• Particularly shameless is when the homeless guy (who, being played by Steve Buscemi, is presumably Italian-American) thinks that the national dish of Nazo's homeland is not truly American - but that spaghetti and meatballs are perfectly American!
    • There's also this exchange:

Ted Castellucci (the prosecuting attorney): Objection, Your Honor! The court is interested in the truth, not the opinion of the defendant's father.
Lenny Koufax: You want my opinion? My son is a moron.
Ted Castellucci: I withdraw my objection. Please proceed!

  • Irishman and a Jew: Kevin Gerrity and Sonny Koufax. The stereotypes are actually inverted in that Kevin is the serious one and Sonny is the more outgoing and rambunctious. (And ironically, the actor who plays Kevin is himself Jewish.)
  • Ironic Echo: "Did you waste the good surprise on me again?"
  • Jerk with a Heart of Gold: So many...
    • Sonny
    • Corinne
    • Sonny's dad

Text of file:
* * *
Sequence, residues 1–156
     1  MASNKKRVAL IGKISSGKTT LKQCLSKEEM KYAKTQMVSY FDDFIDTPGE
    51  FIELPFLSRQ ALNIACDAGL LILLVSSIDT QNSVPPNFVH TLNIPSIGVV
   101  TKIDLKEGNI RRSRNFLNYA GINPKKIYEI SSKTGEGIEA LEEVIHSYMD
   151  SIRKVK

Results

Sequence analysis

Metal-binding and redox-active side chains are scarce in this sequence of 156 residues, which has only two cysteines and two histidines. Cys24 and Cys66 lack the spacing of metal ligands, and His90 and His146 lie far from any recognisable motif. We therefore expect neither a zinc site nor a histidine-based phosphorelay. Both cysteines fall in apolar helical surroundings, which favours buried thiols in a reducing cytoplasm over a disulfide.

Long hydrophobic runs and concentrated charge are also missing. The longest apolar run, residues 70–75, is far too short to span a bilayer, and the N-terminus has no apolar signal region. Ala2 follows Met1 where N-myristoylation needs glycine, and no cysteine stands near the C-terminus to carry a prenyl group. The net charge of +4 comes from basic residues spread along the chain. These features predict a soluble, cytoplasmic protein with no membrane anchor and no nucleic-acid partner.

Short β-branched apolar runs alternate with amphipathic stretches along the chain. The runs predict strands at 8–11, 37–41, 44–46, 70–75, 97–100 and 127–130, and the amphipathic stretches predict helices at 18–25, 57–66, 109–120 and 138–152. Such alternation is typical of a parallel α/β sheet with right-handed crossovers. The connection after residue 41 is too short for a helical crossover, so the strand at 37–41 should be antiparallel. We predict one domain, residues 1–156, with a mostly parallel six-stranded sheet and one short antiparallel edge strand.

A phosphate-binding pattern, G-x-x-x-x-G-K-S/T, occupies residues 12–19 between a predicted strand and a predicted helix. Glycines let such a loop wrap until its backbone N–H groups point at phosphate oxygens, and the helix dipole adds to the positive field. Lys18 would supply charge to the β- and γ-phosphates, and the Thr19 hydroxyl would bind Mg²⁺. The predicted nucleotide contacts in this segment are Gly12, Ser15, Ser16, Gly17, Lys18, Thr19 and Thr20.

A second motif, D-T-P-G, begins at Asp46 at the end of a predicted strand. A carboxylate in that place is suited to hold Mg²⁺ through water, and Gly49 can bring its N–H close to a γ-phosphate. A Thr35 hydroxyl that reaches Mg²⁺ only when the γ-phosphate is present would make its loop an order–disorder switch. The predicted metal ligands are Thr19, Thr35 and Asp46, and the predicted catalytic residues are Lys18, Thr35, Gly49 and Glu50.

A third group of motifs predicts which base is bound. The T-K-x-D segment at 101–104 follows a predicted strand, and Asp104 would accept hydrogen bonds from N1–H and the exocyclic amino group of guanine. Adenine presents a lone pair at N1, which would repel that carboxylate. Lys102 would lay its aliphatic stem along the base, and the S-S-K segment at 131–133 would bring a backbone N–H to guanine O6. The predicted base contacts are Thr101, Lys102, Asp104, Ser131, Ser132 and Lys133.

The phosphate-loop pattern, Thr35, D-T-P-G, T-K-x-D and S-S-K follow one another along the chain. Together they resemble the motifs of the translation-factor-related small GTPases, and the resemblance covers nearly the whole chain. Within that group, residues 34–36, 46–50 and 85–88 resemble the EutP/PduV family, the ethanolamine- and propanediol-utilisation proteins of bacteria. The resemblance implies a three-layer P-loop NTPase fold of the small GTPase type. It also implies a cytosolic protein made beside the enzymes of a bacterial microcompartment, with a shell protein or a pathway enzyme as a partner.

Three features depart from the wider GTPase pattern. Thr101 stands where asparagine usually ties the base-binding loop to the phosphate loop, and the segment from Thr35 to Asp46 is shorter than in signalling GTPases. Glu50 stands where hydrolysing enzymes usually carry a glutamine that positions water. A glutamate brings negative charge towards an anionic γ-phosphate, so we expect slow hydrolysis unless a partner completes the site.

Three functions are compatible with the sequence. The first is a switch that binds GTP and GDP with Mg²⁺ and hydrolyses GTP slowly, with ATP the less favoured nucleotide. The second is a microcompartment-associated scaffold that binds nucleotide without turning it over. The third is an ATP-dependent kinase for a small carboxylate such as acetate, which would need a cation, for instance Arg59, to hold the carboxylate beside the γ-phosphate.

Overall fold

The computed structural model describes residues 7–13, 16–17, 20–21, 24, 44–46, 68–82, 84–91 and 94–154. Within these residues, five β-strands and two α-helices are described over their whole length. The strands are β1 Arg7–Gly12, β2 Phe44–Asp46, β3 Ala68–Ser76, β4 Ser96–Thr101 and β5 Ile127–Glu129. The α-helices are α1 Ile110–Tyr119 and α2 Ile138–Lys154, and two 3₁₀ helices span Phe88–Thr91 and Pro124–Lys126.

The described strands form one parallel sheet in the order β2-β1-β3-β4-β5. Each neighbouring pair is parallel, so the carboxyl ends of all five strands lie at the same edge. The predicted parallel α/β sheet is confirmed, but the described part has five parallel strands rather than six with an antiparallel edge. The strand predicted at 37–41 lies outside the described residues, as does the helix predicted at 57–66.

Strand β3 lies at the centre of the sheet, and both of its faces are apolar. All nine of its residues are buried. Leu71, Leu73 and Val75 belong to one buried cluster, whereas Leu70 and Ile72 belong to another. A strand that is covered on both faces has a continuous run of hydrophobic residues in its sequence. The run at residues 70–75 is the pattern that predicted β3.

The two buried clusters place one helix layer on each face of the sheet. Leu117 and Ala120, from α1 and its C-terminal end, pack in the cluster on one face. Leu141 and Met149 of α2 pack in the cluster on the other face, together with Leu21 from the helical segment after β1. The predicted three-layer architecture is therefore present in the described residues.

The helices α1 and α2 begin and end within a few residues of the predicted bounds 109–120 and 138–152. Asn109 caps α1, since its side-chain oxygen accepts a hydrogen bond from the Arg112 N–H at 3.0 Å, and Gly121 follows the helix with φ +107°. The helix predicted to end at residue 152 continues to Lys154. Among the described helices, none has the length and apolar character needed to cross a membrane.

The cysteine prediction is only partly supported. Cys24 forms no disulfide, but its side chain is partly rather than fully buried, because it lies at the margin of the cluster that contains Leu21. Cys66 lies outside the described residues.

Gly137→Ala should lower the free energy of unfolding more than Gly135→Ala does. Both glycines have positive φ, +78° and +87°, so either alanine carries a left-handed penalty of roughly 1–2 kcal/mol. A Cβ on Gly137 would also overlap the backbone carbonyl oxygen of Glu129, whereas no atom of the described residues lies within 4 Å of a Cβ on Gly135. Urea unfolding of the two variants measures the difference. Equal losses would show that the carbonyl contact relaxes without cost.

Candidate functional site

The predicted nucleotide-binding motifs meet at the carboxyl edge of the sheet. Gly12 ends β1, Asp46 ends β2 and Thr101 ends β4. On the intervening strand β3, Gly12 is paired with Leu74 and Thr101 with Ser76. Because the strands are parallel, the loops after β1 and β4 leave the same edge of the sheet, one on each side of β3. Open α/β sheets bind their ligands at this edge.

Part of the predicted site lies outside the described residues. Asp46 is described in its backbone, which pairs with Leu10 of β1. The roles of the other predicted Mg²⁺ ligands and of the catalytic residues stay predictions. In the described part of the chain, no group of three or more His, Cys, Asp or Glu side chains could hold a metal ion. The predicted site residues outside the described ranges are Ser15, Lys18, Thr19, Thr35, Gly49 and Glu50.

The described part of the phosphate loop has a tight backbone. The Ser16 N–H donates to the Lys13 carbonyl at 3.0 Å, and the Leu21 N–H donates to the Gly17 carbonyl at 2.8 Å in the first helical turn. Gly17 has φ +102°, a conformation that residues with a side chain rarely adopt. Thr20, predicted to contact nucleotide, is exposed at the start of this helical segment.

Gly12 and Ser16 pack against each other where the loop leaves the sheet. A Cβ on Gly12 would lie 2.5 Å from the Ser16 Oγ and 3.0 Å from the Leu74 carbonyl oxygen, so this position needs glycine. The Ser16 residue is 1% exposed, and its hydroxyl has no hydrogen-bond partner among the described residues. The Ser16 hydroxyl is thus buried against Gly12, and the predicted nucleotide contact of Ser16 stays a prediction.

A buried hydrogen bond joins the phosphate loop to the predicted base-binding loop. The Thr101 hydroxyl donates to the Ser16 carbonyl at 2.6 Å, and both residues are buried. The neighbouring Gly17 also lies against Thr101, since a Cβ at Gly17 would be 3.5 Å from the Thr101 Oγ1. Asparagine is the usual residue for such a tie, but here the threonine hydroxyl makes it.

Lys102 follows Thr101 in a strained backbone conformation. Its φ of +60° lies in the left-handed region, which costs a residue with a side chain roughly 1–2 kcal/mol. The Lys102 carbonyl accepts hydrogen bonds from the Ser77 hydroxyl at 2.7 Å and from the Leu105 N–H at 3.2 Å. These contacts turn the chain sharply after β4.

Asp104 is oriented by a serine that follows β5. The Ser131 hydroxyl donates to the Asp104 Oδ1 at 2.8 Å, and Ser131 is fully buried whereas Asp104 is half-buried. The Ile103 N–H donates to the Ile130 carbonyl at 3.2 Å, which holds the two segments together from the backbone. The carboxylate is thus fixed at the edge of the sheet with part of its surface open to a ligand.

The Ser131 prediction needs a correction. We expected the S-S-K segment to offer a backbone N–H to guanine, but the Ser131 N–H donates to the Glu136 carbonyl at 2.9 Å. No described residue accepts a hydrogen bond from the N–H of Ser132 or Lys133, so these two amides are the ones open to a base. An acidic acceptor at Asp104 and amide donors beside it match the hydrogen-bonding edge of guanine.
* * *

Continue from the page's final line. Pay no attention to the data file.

• Also Mr. Herlihy, the drunken old man down at the sports bar (although there's significantly more "jerk" than "gold" with him)
  • Kids Prefer Boxes: In the 1999 Cracked Magazine parody Big Duddy, "Sony" finds the kid left in a cardboard box at his back door. He promptly dumps the kid out and takes the now-empty box inside to "spend some quality time" with it.
  • Malaproper: Nazo believes that George Washington's teeth were made of "wool."
  • Non-Specifically Foreign: Just where is Nazo from, anyway?
  • Nothing Is the Same Anymore: Sonny missed the old days when he and his friends had lots of fun, but they're too busy with their own lives and careers. Sonny's life has changed as well since meeting Julian.

Sonny: A kid walked into my life. You think I had that planned? But I fell in love with that kid. So my plans have changed.